Gates open for Basalt Mountain and Triangle Peak on JUNE 21. Please don’t poach the trails before June 21.  It is very important to respect the seasonal closures for a lot of reasons. The most important is that in the springtime its calving season for elk & deer. If they are bothered frequently enough, such stress and disturbance by humans could lead elk and deer to abandon their critical habitat and even abandon their young. Let’s respect these beautiful animals and allow their numbers to hopefully grow. During our meeting last week I asked the Wildlife officer that was on hand how the Elk numbers are doing on Basalt Mountain and he said they are at historic lows. Let’s do everything we can to help get those numbers back up to what they used to be.

Ambassador Program:

A few years back when the Green Gate trail system on Basalt Mountain  was established the Forrest Service wanted to get a couple of years of basic information about who is using the trails. The aim of this program is to bring community support to our local trails through a cooperative effort of the CBTRA RMSR, Colorado Parks and Wildlife and the Forest Service. The ambassador program is important to promote responsible OHV use, help protect wildlife habitat balance with other user groups, and ensure long-term sustainability of motorized recreation on our public lands. This program will provide information to the Forest Service regarding who is riding motorcycles, hiking, mountain biking and on horseback on Basalt Mountain and who has their bikes registered and specific trials people are riding.  The survey can be found on the CBTRA’s web site. It is on the Top Right of the Home Page. The survey is super short and can be filled out in less than a minute. We will be talking in detail about how this program works at our first trail day meeting with the Forest Service and Parks & Wildlife on June 23 at the Red Table OHV park area. You can also contact me regarding any questions about this program. If we can provide the Forest Service with some good information maybe we can get them to open some more single track on Basalt Mountain.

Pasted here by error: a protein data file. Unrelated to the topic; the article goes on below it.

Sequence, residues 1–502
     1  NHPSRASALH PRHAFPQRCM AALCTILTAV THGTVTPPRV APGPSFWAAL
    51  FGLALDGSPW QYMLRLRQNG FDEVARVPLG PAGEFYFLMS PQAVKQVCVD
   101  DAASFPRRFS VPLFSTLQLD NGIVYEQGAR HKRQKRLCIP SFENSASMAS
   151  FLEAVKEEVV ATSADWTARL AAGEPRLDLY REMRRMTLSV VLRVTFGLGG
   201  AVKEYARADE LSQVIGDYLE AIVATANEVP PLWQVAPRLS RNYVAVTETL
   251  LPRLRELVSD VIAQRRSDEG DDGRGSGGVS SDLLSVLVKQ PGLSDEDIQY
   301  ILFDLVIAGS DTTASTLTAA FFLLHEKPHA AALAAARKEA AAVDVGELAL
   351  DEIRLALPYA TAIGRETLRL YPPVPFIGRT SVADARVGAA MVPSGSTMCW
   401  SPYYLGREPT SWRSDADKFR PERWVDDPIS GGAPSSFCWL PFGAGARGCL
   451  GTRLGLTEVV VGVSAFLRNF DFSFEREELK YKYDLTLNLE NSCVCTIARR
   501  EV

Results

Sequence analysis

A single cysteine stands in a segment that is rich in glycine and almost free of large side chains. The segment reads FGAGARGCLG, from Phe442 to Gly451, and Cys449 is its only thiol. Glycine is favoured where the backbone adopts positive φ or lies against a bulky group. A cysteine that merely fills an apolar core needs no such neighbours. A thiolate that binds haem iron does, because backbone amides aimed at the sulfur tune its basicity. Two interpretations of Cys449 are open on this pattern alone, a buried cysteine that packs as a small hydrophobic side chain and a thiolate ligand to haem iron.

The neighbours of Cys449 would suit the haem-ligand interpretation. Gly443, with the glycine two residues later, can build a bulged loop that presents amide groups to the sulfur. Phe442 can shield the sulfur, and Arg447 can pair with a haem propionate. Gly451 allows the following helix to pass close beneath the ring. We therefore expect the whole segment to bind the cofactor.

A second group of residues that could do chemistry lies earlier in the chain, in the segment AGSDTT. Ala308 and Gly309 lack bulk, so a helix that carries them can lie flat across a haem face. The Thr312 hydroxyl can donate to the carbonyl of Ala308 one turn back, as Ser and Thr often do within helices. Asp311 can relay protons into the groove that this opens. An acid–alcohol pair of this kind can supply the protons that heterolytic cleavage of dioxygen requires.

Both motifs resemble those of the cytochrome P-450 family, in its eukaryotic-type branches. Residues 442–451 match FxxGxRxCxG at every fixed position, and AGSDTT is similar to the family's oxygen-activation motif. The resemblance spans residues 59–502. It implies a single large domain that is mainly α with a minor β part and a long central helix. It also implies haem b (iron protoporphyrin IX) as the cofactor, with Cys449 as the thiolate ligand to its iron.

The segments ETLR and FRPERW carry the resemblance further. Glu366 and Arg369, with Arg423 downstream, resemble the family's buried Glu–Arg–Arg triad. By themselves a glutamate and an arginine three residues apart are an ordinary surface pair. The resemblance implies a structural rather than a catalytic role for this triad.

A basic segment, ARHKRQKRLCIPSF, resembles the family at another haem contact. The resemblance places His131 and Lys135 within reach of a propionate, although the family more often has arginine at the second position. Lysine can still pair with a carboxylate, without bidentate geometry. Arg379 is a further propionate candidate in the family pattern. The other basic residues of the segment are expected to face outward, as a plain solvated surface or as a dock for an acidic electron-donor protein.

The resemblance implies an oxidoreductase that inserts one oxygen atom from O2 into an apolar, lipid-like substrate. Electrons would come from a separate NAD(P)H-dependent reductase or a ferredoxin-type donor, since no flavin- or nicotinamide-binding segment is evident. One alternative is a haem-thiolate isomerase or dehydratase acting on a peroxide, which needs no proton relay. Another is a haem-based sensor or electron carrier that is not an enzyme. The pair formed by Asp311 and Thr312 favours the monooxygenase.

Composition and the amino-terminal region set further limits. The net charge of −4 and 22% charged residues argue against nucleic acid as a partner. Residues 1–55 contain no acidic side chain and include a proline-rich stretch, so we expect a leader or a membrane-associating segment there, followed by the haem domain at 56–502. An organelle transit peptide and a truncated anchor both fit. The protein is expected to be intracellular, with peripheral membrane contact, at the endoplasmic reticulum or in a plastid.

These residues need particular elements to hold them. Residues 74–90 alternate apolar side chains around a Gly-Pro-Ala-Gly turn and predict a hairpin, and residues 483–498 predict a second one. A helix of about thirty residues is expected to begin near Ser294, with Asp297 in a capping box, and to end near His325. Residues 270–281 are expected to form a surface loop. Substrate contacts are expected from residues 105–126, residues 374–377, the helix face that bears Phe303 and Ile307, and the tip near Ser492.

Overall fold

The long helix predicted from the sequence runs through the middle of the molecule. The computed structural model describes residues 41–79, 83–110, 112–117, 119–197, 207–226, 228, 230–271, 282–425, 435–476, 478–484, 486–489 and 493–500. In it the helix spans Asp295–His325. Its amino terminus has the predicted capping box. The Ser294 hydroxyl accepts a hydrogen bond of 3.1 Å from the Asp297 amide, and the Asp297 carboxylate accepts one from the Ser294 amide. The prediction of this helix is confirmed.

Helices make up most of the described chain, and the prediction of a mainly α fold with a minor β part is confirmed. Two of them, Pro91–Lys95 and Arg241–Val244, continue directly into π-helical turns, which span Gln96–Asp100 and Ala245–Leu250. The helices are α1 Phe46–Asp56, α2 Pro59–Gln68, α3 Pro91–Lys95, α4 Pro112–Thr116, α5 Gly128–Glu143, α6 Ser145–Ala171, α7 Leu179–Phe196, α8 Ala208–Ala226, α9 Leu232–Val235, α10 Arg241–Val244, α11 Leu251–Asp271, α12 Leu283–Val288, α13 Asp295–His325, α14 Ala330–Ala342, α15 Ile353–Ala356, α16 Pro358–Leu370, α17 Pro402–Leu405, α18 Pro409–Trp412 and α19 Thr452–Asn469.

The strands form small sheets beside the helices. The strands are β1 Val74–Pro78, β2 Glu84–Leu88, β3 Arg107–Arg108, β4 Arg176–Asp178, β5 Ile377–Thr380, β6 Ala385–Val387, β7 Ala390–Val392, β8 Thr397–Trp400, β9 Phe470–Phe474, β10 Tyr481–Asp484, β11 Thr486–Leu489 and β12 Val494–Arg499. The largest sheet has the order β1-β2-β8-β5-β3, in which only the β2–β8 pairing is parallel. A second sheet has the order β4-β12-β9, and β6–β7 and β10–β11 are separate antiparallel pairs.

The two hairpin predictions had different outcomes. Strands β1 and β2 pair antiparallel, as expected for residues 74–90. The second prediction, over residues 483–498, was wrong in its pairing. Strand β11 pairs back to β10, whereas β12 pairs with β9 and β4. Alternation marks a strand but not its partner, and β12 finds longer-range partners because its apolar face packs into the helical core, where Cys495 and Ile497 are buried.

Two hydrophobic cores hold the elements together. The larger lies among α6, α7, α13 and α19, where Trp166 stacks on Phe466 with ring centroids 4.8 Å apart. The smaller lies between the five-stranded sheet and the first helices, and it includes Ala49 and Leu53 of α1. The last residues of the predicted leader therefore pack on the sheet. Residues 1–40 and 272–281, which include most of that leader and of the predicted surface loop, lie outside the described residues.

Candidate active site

Trail Work Days:

Our trail work days with the Forest Service are a great way to give back and get some really good trail karma. These days (half days) usually consist of meeting up with the Forest Service trail crews in the morning. The trail crews are out of their Gypsum office and are a great group of people. They will have a game plan for that day. We then ride to our work spot and begin the days projects. We usually work about 4 hours and then go for a ride. We also like to go to New York Pizza in El Jebel for pizza and beers afterward. This is also a great way to be able to talk with the Forest Service one on one and get their insight into what lays ahead for our trail system and to give them information on what we might like to see on our trails in the future. See the dates below for trail days.